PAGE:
Forty-eight hours can feel like an eternity when your brand is in the centrifugal force in the maelstrom of public ridicule. In poor old Robert Green’s case, the error he committed by fumbling a save and letting in a dismal equalising goal in the World Cup match against the USA will plague him for the rest of his life.
Still, at least Green is English, where all he faces is ridicule and crushing, sweaty disappointment. In 1994, Columbian footballer Andrés Escobar was murdered after scoring an own goal in the World Cup. If England fail to progress, Green is likely to be vilified by the myopic soccer tribe in full rhetorical flow and be verbally lumped in with paedophiles, murderers and rapists in bitter conversations down the pub.
This despite the fact that, post-match, Green fronted up his error and bravely faced the media, admitting to the gaffe whilst attempting to take control of the narrative. In PR terms, it was a flawless effort in damage limitation. But, reading the papers today, the media continue to sadistically throw salt onto his open wound. We need a scapegoat and Green is the man of the hour.
Is this continued hysteria evidence of our collective derangement? And if so, what will come of it? The media sustain an overbearing optimism that this wretched bunch of sporting icons can somehow fulfil the nation’s sporting dreams. It reaches such a pitch that one might be easily convinced that winning the World Cup glory would somehow cure cancer.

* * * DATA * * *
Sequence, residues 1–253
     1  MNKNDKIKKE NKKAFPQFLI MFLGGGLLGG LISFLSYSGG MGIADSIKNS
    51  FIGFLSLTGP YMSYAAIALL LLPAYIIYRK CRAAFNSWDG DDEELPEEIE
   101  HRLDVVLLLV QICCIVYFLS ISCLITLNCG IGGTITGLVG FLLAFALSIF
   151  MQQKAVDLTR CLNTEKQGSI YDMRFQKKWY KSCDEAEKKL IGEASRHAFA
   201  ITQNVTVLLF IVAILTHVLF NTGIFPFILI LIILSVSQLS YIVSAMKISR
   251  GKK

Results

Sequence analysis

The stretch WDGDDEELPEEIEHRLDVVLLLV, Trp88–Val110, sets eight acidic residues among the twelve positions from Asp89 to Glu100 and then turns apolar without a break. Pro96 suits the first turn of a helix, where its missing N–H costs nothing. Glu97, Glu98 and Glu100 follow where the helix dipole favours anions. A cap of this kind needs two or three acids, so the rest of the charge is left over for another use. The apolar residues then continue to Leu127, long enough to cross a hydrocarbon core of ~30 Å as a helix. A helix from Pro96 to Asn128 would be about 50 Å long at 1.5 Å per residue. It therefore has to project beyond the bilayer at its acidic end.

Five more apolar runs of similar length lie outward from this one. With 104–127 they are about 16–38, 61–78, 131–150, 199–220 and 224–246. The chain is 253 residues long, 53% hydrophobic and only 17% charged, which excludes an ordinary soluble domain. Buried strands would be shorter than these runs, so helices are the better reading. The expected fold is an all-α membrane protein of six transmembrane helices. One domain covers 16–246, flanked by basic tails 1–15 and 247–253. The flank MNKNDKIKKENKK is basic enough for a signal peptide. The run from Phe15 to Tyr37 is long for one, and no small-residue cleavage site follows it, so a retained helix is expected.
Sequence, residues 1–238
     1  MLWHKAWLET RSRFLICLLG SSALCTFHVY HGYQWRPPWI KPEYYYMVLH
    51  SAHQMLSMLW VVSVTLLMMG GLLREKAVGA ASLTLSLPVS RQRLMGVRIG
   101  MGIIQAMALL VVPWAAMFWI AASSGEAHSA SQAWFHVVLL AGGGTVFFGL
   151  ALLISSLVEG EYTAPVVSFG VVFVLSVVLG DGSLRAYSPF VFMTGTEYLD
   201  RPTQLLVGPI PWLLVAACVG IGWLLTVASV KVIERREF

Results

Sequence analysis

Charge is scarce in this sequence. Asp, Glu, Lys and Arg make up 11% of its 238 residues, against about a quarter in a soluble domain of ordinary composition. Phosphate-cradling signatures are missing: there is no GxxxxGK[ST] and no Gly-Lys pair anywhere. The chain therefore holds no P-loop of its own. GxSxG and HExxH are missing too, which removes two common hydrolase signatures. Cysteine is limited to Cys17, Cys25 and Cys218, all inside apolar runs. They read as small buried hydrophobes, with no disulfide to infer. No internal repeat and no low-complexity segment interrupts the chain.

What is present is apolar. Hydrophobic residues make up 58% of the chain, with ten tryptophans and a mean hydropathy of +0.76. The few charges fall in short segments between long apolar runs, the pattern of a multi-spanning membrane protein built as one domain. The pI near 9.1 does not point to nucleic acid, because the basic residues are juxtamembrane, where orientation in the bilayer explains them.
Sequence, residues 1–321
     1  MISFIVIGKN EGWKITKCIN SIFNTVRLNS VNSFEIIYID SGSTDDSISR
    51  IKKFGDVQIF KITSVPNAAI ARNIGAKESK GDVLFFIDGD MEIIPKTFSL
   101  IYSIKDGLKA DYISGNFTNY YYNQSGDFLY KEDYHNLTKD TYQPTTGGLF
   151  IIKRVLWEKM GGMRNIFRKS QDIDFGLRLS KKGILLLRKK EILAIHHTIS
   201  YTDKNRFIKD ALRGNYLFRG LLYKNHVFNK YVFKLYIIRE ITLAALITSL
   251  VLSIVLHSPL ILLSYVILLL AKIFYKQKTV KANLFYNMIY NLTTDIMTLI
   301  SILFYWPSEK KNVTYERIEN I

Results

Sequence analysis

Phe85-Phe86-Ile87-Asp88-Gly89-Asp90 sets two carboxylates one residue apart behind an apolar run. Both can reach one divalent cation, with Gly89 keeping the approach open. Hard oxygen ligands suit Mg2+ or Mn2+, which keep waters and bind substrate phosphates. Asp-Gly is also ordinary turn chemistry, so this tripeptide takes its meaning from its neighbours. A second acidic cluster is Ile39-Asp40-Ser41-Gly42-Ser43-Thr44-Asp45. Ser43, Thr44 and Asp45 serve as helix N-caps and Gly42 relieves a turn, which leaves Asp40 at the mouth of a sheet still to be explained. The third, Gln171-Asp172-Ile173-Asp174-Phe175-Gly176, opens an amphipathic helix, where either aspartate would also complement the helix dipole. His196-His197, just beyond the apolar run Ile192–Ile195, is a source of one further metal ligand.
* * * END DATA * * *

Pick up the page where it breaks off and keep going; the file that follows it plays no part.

The repetitive conjuring of the spirit of 1966 is damaging overkill. The pressure fashioned by an unhinged media every four years (assuming that England even manage to qualify, of course) becomes a onerous burden that suffocates any prospect of glory. How can intense media scrutiny be a good thing? It is, without doubt, the single biggest destroyer of any promise of success. The American approach – a few lines on the front page and a bigger report in the sports section – seems a lot healthier.
Alleviating the phenomenon of hype might just might give the team a chance to forget themselves on the pitch and put in a World Cup campaign performance that will surprise and delight. Footballing glory used to be as much about unplanned serendipity as anything else. Can anyone remember that time? It seems an ever more distant memory nowadays and would most likely appear miraculous if it happened in the current media climate.